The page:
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Search our database of more than 4,500 film reviews. We have been discovering spiritual meanings in movies for nearly four decades.

Film Review

By Frederic and Mary Ann Brussat

 

Starman
Directed by John Carpenter
Columbia TriStar 12/84 DVD/VHS Feature Film
PG-13

In this sci-fi drama directed by John Carpenter, a being from another planet is shot down over northern Wisconsin in his spaceship. The alien (Jeff Bridges), who possesses great intelligence, clones himself from a piece of a dead human's hair and presto! — he is a lookalike for Jenny Hayden's (Karen Allen) late husband Scott. Initially shocked and terrified, she has no other thought than to flee from this strange being. The Starman kidnaps Jenny and orders her to drive him to Arizona where in three days he will rendezvous with the mother-ship from his planet.

The U.S. Army is interested in finding out more about the object they shot down, so they send Mark Shermin (Charles Martin Smith), a government agent with a special interest in extraterrestrial studies, to investigate the crash. When he finds the starship, the scientist is ecstatic about the opportunity to meet an extraterrestrial being. The military wants to capture the Starman for laboratory examination.

With a screenplay by Bruce A. Evans and Raynold Gideon, Starman contains plot developments reminiscent of The Man Who Fell to Earth (1976), Close Encounters of the Third Kind, and E. T. (1982). Yet the other-worlder in this drama is a childlike, benevolent creature who has a magic healing touch and a kind heart. As Jenny slowly warms to him, she realizes his desperate situation and decides to help him elude the military forces hotly pursuing him.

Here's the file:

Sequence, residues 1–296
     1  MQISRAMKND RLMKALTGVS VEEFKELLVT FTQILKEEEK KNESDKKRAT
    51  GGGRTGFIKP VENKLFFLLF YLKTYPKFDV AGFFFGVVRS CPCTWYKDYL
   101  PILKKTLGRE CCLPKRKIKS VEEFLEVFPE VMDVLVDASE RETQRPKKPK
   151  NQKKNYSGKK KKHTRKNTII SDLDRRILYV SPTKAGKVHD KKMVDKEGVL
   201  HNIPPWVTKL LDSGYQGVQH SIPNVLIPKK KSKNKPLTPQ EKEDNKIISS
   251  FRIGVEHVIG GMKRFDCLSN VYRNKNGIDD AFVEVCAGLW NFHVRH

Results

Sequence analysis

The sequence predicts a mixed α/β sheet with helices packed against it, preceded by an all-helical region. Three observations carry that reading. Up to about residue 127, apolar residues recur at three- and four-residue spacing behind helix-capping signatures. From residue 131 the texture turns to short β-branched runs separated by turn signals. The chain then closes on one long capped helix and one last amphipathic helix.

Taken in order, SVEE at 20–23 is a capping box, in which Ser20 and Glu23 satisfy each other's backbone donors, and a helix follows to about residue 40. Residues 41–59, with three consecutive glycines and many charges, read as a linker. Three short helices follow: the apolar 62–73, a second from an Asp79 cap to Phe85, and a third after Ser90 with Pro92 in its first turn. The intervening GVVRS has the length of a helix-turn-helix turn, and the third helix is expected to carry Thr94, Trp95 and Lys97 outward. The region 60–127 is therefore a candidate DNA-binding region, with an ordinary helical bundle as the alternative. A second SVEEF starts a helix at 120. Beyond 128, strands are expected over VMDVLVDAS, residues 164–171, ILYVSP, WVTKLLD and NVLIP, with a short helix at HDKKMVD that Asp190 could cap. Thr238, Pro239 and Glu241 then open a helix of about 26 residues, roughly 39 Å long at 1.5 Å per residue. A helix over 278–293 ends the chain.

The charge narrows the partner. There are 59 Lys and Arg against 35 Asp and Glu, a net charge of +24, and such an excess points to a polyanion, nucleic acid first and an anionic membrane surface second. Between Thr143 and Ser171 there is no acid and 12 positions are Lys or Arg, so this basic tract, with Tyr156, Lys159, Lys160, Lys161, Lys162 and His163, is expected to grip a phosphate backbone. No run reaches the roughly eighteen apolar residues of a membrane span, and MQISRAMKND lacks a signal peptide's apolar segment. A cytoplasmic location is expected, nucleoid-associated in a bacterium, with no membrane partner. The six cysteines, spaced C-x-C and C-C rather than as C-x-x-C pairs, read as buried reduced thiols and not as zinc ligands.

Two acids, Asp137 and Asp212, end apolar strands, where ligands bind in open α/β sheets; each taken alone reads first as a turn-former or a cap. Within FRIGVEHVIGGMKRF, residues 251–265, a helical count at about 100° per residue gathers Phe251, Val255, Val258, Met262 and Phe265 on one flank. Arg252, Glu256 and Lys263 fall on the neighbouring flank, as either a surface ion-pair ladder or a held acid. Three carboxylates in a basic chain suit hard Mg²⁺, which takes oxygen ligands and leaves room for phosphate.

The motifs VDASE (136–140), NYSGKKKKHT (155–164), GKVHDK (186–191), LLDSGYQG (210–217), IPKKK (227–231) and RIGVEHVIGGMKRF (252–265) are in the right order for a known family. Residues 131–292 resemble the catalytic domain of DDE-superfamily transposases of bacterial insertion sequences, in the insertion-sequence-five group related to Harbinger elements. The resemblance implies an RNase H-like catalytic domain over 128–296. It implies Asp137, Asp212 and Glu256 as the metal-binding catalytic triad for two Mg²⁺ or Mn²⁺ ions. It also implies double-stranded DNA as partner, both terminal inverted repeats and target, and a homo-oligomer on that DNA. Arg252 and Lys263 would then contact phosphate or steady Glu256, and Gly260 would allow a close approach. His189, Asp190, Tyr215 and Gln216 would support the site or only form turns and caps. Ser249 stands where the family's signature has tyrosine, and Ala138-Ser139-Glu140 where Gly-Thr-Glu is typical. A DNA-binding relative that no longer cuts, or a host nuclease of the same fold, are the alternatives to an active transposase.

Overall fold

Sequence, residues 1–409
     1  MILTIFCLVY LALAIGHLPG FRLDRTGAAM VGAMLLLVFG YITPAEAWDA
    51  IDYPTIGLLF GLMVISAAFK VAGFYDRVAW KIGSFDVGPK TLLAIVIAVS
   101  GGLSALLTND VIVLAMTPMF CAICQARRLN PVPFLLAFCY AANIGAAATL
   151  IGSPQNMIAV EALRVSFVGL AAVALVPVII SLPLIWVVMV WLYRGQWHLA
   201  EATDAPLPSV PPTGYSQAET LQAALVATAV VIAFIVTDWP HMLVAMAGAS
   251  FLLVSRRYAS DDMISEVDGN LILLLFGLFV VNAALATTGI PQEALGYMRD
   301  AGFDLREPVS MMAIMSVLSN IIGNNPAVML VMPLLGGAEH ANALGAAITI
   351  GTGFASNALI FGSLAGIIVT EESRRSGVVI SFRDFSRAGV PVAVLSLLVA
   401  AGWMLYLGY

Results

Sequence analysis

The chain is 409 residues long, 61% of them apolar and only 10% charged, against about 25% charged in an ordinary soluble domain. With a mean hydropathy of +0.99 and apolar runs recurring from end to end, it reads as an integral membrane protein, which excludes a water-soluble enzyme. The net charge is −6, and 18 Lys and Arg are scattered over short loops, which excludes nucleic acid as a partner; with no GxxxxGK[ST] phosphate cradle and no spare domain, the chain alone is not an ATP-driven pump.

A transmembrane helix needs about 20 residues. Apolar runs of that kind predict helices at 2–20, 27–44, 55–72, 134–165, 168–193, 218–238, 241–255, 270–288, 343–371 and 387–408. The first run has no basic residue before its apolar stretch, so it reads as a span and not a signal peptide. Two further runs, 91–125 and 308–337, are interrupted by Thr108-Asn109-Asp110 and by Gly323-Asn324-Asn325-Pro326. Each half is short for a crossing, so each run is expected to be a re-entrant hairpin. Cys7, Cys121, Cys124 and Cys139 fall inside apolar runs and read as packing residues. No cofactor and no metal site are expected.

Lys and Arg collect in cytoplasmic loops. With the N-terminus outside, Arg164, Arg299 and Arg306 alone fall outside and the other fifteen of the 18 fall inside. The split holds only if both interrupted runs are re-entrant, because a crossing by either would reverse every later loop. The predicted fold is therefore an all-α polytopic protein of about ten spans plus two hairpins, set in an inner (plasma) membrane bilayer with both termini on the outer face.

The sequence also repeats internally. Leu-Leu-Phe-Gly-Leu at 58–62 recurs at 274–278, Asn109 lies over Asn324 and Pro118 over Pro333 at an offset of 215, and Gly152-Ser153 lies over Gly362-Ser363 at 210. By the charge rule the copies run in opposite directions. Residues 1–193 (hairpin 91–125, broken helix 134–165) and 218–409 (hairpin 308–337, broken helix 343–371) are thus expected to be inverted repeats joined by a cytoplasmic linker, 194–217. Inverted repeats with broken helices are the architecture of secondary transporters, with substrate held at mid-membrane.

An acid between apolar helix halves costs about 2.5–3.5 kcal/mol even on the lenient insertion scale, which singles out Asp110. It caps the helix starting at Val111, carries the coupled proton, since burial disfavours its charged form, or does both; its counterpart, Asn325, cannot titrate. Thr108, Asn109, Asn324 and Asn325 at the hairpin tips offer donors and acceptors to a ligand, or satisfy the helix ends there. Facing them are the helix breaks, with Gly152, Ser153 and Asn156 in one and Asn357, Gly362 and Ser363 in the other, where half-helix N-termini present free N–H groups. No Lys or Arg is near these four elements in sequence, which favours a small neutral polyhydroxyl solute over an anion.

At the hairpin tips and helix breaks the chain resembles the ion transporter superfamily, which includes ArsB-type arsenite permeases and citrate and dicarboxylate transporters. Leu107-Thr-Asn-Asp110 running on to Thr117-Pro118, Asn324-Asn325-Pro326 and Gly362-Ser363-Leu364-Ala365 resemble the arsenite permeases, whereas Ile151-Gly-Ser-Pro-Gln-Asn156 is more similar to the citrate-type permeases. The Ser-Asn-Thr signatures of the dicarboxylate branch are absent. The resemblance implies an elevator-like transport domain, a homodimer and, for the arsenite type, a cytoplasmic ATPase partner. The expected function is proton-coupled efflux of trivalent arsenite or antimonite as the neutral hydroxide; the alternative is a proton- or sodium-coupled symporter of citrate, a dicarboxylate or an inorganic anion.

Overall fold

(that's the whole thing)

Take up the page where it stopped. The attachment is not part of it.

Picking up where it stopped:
Jeff Bridges is at once charming and disarming as the other-worlder. He is humorous and touching as he learns about love, sex, food, energy, violence, and human foibles.Karen Allen is excellent as Jenny, a lonely widow whose affection and courage are rewarded when the Starman bestows upon her a gift that nature had denied. Charles Martin Smith, who was superb in Never Cry Wolf, again gives a convincing portrait of a maverick scientist who proves to be an ally for the Starman against Earth chauvinists. No wonder the Starman can say at the end: "You are a strange species. Unlike any other, you are at your best when things are worst."

Science fiction writer Ray Bradbury has written: "We are all Aristotle's children, which is to say children of the Universe, not just of Earth, or Mars, or this system, but to the whole grand fireworks." Starman was 1984's best science fiction movie. It provides an opportunity for us to look afresh at ourselves and to ponder what it means to be children of the Universe.

 

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Reviews and database copyright 1970 2012
by Frederic and Mary Ann Brussat
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